Surgery for patients with newly diagnosed advanced ovarian cancer: which patient, when and extent?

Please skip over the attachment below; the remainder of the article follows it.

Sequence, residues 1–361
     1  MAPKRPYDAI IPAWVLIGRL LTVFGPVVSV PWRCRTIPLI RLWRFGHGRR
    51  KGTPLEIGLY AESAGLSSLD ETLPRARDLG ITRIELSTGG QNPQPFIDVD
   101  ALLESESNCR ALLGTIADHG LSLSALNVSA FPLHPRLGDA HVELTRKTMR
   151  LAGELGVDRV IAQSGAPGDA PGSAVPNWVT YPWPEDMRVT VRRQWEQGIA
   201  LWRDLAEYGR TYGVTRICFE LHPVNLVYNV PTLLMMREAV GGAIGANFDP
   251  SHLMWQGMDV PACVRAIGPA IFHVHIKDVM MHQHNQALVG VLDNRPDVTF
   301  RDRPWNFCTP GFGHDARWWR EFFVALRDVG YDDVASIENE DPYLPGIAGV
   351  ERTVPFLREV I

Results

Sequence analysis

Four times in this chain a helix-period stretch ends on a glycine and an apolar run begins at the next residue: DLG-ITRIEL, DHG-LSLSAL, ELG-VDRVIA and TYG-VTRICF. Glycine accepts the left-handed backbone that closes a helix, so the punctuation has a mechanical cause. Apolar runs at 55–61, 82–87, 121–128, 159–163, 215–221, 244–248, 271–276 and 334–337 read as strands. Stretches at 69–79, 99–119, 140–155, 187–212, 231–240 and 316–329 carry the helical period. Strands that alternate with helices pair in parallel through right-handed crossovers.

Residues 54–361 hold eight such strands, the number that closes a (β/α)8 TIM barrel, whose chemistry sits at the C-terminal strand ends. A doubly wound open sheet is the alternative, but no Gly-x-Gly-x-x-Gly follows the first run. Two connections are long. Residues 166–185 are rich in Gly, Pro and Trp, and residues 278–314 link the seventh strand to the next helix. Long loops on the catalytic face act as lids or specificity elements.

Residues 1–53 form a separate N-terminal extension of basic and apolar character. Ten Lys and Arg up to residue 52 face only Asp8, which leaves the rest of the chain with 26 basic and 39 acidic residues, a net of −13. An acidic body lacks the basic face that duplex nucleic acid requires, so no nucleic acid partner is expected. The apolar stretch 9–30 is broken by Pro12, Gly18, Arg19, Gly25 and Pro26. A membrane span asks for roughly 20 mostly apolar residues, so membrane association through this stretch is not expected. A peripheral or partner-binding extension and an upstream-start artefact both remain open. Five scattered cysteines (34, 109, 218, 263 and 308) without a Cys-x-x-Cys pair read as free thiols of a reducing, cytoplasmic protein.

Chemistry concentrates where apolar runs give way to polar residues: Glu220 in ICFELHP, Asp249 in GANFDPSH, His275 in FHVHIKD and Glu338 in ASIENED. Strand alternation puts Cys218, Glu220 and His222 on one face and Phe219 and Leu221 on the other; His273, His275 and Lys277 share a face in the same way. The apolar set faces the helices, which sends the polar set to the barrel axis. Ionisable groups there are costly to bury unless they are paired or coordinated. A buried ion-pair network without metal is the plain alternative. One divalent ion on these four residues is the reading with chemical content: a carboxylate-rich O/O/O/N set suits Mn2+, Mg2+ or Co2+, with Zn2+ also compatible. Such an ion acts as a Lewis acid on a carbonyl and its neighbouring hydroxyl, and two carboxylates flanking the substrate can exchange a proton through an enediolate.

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Purpose of reviewCytoreduction to no residual disease is the mainstay of primary treatment for advanced epithelial ovarian cancer (AdvEOC). This review addresses recent insights on optimal patient selection, timing, and extent of surgery, intended to optimize cytoreduction in patients with AdvEOC.Recent findingsClinical guidelines recommend primary cytoreductive surgery (PCS) for AdvEOC patients with a high likelihood of achieving complete cytoreduction with acceptable morbidity. In line with this, preoperative prediction markers such as cancer antigen-125, histologic and genomic factors, innovative imaging modalities, and the performance of a diagnostic laparoscopy have been suggested to improve clinical decision-making with regard to optimal timing of cytoreductive surgery. To determine whether these strategies should be incorporated into clinical practice validation in randomized clinical trials is essential.SummaryThe past decade has seen a paradigm shift in the number of AvdEOC patients that are being treated with upfront neoadjuvant chemotherapy instead of PCS. However, although neoadjuvant chemotherapy may reduce morbidity at the time of interval cytoreductive surgery, no favorable impact on survival has been demonstrated and it may induce resistance to chemotherapy. Therefore, optimizing patient selection for PCS is crucial. Furthermore, surgical innovations in patients diagnosed with AvdEOC should focus on improving survival outcomes.

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